Why don’t local entrepreneurs just apply for a license? You can not. The state does not issue any new ones. Existing licenses cost millions of dollars when they are available. Last year, the owner of two separate medical cannabis licenses in Florida brought in one for $ 40 million (with the option to open up to 30 pharmacies) and the other for $ 55 million (with the option of up to 35 pharmacies to open).
Highlands County: Finally a Pharmacy
Ben Pollara, director of Florida for Care and one of the state’s longtime attorneys on patient, access and legalization, acknowledges the problem. But he’s optimistic that things are getting better.
“Access is getting better, even if it’s still not great,” Pollara told Leafly. “A year ago people had to leave two or three counties. Access wasn’t there then, but it is much better now than it was then and should continue to improve in the future. “
That is exactly the situation in Highlands County, South Florida. With a population of more than 100,000, this is not a Podunk County. Until recently, medical marijuana patients who live in the county seat of Sebring had to drive more than 90 minutes to the nearest pharmacy in Sarasota.
Finally, a single pharmacy opened in the city of Avon Park in October. The One Plant business there is operated by Bluma Wellness, which is opening five additional One Plant pharmacies in Florida. These other stores are in populous areas like Jacksonville and St. Petersburg, which suggests the company wanted to establish itself in high-traffic areas before branching out into smaller markets. (Bluma Wellness officials declined to respond to Leafly’s request for comment from the company.)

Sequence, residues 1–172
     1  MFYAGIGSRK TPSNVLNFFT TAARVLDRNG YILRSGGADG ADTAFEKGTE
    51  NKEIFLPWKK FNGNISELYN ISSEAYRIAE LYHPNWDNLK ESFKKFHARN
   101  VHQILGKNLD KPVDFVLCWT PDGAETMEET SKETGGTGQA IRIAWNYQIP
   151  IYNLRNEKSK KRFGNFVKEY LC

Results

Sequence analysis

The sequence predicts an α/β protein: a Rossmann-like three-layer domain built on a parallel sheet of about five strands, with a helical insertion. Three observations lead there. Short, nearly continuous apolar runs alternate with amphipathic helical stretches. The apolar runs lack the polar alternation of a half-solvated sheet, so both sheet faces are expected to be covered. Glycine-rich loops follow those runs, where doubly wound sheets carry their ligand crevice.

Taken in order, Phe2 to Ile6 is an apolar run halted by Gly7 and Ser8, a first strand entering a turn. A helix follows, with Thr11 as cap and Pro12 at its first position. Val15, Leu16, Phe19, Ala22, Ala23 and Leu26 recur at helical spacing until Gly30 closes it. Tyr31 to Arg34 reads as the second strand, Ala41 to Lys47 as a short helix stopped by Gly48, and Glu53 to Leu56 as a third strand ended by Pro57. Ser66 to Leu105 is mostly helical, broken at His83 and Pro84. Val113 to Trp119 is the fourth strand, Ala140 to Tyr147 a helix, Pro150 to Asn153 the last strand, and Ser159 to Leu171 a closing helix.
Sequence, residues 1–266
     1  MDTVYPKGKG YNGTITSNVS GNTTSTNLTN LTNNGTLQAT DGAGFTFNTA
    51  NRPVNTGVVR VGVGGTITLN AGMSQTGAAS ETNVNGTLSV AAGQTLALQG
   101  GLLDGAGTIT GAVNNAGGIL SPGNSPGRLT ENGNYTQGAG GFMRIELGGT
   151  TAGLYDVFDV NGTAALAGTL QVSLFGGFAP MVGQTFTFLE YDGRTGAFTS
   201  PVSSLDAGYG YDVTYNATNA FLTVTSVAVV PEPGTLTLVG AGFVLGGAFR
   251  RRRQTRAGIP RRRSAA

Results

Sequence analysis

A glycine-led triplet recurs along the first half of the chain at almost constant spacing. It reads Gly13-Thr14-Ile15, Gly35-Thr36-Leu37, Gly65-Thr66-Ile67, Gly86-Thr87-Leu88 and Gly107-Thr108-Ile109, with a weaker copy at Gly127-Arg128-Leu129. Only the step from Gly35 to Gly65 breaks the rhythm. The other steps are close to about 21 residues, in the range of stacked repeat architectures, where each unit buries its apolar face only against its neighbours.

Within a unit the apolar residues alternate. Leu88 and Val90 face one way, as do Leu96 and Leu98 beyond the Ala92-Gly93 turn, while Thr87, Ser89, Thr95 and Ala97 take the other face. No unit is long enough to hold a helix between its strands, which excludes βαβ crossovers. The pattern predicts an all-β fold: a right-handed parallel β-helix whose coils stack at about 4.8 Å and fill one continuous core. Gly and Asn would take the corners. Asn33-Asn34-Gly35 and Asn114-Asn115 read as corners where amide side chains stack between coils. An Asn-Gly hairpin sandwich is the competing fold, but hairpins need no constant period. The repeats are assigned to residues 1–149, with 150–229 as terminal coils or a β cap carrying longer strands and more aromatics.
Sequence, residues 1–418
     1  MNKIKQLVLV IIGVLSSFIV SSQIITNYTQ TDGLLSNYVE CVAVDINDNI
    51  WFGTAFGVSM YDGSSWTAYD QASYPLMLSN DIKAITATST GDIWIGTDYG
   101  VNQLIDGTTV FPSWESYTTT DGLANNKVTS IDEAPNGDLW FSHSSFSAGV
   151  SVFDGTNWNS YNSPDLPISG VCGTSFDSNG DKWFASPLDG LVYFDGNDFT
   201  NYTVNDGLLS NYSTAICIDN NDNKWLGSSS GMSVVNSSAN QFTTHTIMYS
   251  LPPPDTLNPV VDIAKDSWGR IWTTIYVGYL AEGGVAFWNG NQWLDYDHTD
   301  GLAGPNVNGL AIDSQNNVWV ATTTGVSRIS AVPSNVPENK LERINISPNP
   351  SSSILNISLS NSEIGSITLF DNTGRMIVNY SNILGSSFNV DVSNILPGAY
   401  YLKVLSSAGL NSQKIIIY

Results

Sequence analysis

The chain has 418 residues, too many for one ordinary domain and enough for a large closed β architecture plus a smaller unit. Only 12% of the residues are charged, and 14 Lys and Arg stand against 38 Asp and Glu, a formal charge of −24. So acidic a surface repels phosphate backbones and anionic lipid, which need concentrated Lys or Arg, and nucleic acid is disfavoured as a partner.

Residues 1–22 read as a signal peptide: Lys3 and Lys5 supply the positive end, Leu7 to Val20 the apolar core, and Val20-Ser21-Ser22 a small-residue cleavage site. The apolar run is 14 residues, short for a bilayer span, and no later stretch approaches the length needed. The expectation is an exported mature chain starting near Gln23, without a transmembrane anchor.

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Delivery services provide some access
For many patients trapped in these deserts, delivery services have bridged the void.
“For all paths [the state of Florida has] screwed up, “Pollara said,” one thing they got right was creating a mandate for access to delivery. “
Florida law specifically protects home delivery of medical marijuana as long as drivers and vehicles meet certain safety requirements. While there are some time restrictions on deliveries, there are no limits to how far a vendor is legally allowed to ship medical marijuana.
Obviously, it would be inconvenient for individual pharmacy delivery drivers to drive hours to remote potted deserts, but OnePlant company has come up with a solution: a medical marijuana delivery hub system that serves different parts of the state on different days, streamlines deliveries and strong expands access to remote areas.
As of November 2020, the OnePlant network will fully cover all rural areas in Central and South Florida. Expansion is currently planned in the counties of North Florida, particularly in the Panhandle area, which is still the most underserved area in the state at the time, comes to pharmacies and access.
Change could come
At the state level, the Florida Supreme Court will look into arguments in the near future to pave the way for non-vertically issued pharmacy licenses in the state.
The end of Florida’s vertical integration rule could open the door to smaller businesses.
This could greatly expand the opportunities for small and local businesses to open locations in these underserved communities. For more information about the legal requirements in this case, see the South Florida Hospital News.
Medical marijuana has been legal in Florida since 2016, and efforts to fully legalize marijuana are proceeding at full speed to reach a possible vote in 2022. While great strides have been made so far, the need for the legal profession never ends, especially when it comes to accessibility to safe and legal medical marijuana products remains an issue in several large parts of Florida.
Floridians looking for resources and ways to help can visit both Florida for Care and Make it Legal Florida to learn more on the topic.
Amanda Kondolojy is a freelance writer with a passion for coffee, travel, and her three cats. She lives in central Florida.